By Ernesto R. Zárate, FPIA
I remember the very first time I used a T-square. It was so cumbersome. I hadn’t learned the technique yet of pulling on to the ruling surface with my left arm while positioning or holding down the triangle with the hand. Later also would I learn the convenience and good sense to draw vertical lines along the left side the triangle starting from the bottom towards the top and for horizontal lines from left to right.
I also had to unlearn how to hold a pencil when drafting. And that one had to twirl the pencil as a line is drawn so that pantay ang pagkapudpod and you end up with a rounded pencil point and not chisel-edged which could tear the paper and ruin your work. But with the early mechanical pencils (or “lead holders” as they were called then) the leads were about 1/16 of an inch in diameter so one had to constantly sharpen the point of the pencil either with a “pencil pointer” contraption or a piece of fine sandpaper stapled to a piece of flat stick. Extreme care would always be taken in sharpening pencil points because there was always the danger that the dust from the graphite particles would smudge one’s work.
For general drafting work, I always used “B” especially during humid weather or within an air-conditioned drafting room. “HB” or “F” for the fine thin lines. During dry days though, I would use “HB” for general drafting; “F” and “H” for finer lines. You see it is not the lead that is the problem but the softness or moisture absorbed by the paper you are using (“Snowhite” was the “in” brand then). The harder pencils were for dry weather and the softer grades for humid or wet weather.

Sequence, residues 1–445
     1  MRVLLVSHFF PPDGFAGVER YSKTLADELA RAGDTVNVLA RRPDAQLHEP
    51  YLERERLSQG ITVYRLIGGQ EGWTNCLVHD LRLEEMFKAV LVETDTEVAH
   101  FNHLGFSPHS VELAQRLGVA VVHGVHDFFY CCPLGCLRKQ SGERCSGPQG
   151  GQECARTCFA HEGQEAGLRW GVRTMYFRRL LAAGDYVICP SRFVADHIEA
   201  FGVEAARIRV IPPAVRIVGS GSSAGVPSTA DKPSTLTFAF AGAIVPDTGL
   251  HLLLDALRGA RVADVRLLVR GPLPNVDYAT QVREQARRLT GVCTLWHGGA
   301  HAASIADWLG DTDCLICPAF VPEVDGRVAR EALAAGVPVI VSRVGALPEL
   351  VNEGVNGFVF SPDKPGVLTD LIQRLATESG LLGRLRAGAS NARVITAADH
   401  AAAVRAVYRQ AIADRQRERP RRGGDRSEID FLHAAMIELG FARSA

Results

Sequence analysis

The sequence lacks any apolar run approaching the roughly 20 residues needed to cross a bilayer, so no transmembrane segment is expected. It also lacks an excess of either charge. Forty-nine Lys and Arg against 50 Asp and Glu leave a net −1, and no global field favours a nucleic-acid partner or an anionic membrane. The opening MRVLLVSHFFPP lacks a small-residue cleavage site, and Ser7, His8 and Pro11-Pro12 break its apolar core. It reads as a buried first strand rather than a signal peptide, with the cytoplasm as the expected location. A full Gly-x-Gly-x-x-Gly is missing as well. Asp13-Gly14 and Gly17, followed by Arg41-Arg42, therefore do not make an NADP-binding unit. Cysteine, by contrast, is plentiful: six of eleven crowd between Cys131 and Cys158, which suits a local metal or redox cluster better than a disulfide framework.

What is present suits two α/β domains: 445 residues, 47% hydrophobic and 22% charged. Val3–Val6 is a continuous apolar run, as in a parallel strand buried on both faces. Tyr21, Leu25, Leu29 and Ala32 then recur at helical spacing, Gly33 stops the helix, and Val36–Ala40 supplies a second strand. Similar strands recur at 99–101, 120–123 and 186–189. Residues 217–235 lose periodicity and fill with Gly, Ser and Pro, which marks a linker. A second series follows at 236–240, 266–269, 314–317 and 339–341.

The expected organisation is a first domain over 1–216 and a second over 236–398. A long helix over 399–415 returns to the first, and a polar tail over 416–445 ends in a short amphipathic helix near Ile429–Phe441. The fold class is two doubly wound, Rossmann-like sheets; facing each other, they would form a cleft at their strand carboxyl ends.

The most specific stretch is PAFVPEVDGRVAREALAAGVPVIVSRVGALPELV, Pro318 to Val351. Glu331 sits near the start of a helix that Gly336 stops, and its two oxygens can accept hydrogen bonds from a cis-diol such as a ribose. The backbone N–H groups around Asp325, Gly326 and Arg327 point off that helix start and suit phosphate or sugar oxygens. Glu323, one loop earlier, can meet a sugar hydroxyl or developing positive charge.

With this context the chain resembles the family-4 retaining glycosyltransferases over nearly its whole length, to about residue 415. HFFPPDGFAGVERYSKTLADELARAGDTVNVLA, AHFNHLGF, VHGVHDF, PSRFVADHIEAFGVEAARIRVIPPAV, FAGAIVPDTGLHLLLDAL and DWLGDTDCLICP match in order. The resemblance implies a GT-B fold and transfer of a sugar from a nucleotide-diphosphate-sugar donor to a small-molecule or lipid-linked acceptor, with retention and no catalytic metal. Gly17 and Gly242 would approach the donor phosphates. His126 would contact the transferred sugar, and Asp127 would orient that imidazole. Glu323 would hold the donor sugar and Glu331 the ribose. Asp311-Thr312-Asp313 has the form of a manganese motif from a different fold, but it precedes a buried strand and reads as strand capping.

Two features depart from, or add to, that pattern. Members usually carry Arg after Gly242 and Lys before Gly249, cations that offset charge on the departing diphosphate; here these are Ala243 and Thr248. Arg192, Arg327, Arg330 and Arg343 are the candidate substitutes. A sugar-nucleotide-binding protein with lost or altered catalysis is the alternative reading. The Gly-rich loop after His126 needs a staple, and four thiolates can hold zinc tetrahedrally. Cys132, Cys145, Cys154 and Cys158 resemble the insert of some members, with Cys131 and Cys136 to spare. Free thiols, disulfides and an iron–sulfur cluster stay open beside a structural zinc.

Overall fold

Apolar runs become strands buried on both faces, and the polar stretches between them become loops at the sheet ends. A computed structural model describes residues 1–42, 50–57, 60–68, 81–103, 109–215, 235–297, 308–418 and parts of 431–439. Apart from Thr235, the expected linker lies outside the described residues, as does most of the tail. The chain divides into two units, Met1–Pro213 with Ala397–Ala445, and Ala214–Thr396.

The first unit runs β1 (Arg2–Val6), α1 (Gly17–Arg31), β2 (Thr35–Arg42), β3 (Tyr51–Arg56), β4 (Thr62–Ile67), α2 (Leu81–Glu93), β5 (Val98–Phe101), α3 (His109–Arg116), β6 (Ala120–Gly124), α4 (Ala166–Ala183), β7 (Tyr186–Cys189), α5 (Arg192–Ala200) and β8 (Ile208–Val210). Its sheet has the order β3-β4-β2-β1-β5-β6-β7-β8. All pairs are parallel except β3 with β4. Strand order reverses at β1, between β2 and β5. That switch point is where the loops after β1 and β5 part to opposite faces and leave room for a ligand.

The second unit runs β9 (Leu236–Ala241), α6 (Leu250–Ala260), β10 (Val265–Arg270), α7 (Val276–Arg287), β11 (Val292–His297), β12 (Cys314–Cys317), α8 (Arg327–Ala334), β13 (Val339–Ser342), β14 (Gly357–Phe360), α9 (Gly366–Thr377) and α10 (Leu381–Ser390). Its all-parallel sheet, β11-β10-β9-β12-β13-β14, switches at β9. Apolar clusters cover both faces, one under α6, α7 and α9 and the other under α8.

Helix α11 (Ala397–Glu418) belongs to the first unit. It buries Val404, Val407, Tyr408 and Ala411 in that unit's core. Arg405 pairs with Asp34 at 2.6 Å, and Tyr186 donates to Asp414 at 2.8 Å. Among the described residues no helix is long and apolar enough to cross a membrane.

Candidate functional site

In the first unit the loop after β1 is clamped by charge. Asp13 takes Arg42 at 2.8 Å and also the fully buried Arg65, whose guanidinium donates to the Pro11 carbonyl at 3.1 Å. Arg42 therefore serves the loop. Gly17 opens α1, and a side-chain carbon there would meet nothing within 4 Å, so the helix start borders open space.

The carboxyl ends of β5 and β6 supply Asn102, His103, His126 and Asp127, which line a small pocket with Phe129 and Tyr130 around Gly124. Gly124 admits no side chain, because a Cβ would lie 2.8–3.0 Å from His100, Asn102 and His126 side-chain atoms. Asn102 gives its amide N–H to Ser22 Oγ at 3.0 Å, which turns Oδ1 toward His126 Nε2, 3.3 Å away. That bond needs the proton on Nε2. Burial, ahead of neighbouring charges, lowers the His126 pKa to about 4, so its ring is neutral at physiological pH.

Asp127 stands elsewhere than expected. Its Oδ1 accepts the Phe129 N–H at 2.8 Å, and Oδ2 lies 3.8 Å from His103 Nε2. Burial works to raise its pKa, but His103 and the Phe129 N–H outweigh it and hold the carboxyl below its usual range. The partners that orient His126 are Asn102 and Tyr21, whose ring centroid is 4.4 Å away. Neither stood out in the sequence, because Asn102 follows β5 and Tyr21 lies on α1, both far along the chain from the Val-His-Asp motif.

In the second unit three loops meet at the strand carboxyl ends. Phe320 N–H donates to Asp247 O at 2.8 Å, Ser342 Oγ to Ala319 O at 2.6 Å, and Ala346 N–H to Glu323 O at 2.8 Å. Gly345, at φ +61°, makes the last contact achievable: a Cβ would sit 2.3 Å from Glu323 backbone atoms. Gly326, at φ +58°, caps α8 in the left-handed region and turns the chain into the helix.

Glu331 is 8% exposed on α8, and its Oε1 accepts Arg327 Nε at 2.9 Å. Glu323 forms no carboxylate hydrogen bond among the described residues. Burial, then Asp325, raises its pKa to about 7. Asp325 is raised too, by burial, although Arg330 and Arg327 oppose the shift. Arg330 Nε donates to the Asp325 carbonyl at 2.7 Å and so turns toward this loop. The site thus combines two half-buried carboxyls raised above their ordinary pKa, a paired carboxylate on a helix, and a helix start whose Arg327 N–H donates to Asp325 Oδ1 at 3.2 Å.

Before my eyesight started to fail, I used to pride myself in drawing bricks to scale (1:100M) without any miscue in vertical on a “running bond” pattern (what many mistakenly call “hollow block pattern.”) Ahhh… them were the days… And I used to pride myself in having different gradients or thicknesses of lines. I used to observe how the drawings were done in the Architectural Graphic Standards and copy the line gradients as best I could. I also tried to copy, again as best I could, the style of lettering used in the book… some sort of flattish expanded Helvetica or Arial—all caps. If there was time, I would always ink my title blocks using my trusty “Doric” lettering set (I couldn’t afford the more elaborate “Leroy” set then).
In the early 60’s, in the office we established with Arch. Ruben Payumo and three other aspiring architects, we copied the drafting standards set by Adrian Wilson (where Archs. Lina Orobia and Freddie Hocson, our other partners, used to work together with Ruben) where specific sized letters and callouts were followed. And for a more “professional” look, I even adopted their style of using the triangle for all verticals or stems of block letters when doing pencil lettering.
But it was always the layout of the drawings in a sheet that drew special attention. These were never done haphazardly. They were always aligned vertically and horizontally—in good order and harmony. It was like setting various dishes on a buffet table… they had to be pleasing to the eye and look invitingly delicious.
That was architectural drafting in the old days. I am sure ALL the great architects of the Philippines today took pride in their drafting work… MANUAL drafting, that is. Electronic drawings? Ah, anybody could do that… even a CAD operator who knows nothing of architecture can do that. But manual drafting? Truly, that is the soul of Architecture.